>> success. But American officials had another interest, to dissuade the
>> Israelis from carrying out their own pre-emptive strike against the Iranian
>> nuclear facilities. To do that, the Israelis would have to be convinced
>> that the new line of attack was working. The only way to convince them,
>> several officials said in interviews, was to have them deeply involved in
>> every aspect of the program.
>> Soon the two countries had developed a complex worm that the Americans
>> called “the bug.” But the bug needed to be tested. So, under enormous
>> secrecy, the United States began building replicas of Iran’s P-1
>> centrifuges, an aging, unreliable design that Iran purchased from Abdul
>> Qadeer Khan, the Pakistani nuclear chief who had begun selling fuel-making
>> technology on the black market. Fortunately for the United States, it
>> already owned some P-1s, thanks to the Libyan dictator, Col. Muammar
>> el-Qaddafi.
>> When Colonel Qaddafi gave up his nuclear weapons program in 2003, he
>> turned over the centrifuges he had bought from the Pakistani nuclear ring,
>> and they were placed in storage at a weapons laboratory in Tennessee. The
>> military and intelligence officials overseeing Olympic Games borrowed some
>> for what they termed “destructive testing,” essentially building a virtual
>> replica of Natanz, but spreading the test over several of the Energy
>> Department’s national laboratories to keep even the most trusted nuclear
>> workers from figuring out what was afoot.
>> Those first small-scale tests were surprisingly successful: the bug
>> invaded the computers, lurking for days or weeks, before sending
>> instructions to speed them up or slow them down so suddenly that their
>> delicate parts, spinning at supersonic speeds, self-destructed. After
>> several false starts, it worked. One day, toward the end of Mr. Bush’s
>> term, the rubble of a centrifuge was spread out on the conference table in
>> the Situation Room, proof of the potential power of a cyberweapon. The worm
>> was declared ready to test against the real target: Iran’s underground
>> enrichment plant.
>> “Previous cyberattacks had effects limited to other computers,” Michael
>> V. Hayden, the former chief of the C.I.A., said, declining to describe what
>> he knew of these attacks when he was in office. “This is the first attack
>> of a major nature in which a cyberattack was used to effect physical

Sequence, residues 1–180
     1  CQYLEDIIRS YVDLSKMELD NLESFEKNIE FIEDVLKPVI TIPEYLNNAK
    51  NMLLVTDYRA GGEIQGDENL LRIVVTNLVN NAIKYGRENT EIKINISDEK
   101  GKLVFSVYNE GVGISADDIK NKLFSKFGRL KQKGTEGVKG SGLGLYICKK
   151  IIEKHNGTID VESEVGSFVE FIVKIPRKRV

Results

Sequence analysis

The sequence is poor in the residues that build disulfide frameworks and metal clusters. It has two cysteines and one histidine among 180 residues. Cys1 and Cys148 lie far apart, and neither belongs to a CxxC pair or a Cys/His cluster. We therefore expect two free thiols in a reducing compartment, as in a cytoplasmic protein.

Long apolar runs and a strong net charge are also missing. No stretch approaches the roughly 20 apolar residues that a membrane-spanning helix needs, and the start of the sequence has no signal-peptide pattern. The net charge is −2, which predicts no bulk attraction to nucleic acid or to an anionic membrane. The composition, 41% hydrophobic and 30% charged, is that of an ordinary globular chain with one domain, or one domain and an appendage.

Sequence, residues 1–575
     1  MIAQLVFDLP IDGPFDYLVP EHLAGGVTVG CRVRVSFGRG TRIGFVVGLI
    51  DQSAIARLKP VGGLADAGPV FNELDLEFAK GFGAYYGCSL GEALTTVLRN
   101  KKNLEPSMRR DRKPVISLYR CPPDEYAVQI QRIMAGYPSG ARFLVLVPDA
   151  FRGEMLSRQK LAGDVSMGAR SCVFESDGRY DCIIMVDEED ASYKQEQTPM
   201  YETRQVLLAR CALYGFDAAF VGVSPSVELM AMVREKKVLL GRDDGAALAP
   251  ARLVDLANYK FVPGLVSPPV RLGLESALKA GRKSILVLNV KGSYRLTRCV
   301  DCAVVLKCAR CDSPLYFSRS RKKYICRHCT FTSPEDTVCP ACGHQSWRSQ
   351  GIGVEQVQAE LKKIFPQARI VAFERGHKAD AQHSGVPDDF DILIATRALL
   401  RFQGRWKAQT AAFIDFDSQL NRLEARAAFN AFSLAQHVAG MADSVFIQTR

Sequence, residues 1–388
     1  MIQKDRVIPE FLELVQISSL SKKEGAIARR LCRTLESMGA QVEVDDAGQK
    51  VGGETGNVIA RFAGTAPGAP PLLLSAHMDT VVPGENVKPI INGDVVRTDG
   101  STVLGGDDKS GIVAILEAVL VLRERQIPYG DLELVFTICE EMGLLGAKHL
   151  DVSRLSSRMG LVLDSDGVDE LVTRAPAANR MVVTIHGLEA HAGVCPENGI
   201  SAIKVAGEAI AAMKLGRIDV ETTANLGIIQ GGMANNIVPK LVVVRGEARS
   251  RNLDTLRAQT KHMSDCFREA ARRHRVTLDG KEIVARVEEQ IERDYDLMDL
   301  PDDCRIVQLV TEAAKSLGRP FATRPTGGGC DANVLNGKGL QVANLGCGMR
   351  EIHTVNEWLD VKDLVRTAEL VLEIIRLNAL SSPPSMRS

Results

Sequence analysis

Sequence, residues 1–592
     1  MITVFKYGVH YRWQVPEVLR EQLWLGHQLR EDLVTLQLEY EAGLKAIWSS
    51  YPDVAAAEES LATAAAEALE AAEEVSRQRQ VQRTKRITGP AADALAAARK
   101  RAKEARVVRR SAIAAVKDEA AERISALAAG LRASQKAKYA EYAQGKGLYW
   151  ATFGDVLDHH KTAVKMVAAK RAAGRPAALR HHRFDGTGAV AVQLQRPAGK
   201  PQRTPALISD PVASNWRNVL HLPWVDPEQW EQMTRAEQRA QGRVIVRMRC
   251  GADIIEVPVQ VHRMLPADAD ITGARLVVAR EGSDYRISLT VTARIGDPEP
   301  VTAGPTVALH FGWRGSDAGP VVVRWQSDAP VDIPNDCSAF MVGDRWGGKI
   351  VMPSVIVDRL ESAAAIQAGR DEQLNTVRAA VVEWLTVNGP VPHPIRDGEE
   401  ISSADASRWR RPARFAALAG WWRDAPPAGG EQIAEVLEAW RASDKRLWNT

>> destruction,” rather than just slow another computer, or hack into it to
>> steal data.
>> “Somebody crossed the Rubicon,” he said.
>> Getting the worm into Natanz, however, was no easy trick. The United
>> States and Israel would have to rely on engineers, maintenance workers and
>> others — both spies and unwitting accomplices — with physical access to the
>> plant. “That was our holy grail,” one of the architects of the plan said.
>> “It turns out there is always an idiot around who doesn’t think much about
>> the thumb drive in their hand.”
>>  ...
>> But by the time Mr. Bush left office, no wholesale destruction had been
>> accomplished. Meeting with Mr. Obama in the White House days before his
>> inauguration, Mr. Bush urged him to preserve two classified programs,
>> Olympic Games and the drone program in Pakistan. Mr. Obama took Mr. Bush’s
>> advice.
>> *The Stuxnet Surprise*
>> Mr. Obama came to office with an interest in cyberissues, but he had
>> discussed them during the campaign mostly in terms of threats to personal
>> privacy and the risks to infrastructure like the electrical grid and the
>> air traffic control system. He commissioned a major study on how to improve
>> America’s defenses and announced it with great fanfare in the East Room.
>> What he did not say then was that he was also learning the arts of
>> cyberwar <http://topics.nytimes.com/**top/reference/timestopics/**
>> subjects/c/cyberwarfare/index.**html?inline=nyt-classifier<http://topics.nytimes.com/top/reference/timestopics/subjects/c/cyberwarfare/index.html?inline=nyt-classifier>>.
>> The architects of Olympic Games would meet him in the Situation Room, often
>> with what they called the “horse blanket,” a giant foldout schematic
>> diagram of Iran’s nuclear production facilities. Mr. Obama authorized the
>> attacks to continue, and every few weeks — certainly after a major attack —
>> he would get updates and authorize the next step. Sometimes it was a strike
>> riskier and bolder than what had been tried previously.
>> “From his first days in office, he was deep into every step in slowing
>> the Iranian program — the diplomacy, the sanctions, every major decision,”
>> a senior administration official said. “And it’s safe to say that whatever
>> other activity might have been under way was no exception to that rule.”
> --Pentagon's Plan X Aims to Develop Robust Cyberwarfare Capabilities
> (May 30, 2012)
> The Pentagon's Defense Advanced Research Projects Agency (DARPA) is
> launching a five-year, US $110 million research program dubbed Plan X.
> DARPA is seeking input from private sector organizations, universities,
> and computer game companies in its effort to develop improved
> cyberwarfare capabilities. Goals include creating a comprehensive map
> of cyberspace that is updated continuously, developing an operating
> system strong enough to launch cyber attacks and withstand
> counterattacks, and creating systems that allow commanders to launch
> speed-of-light attacks.
> http://www.washingtonpost.com/**world/national-security/with-**
> plan-x-pentagon-seeks-to-**spread-us-military-might-to-**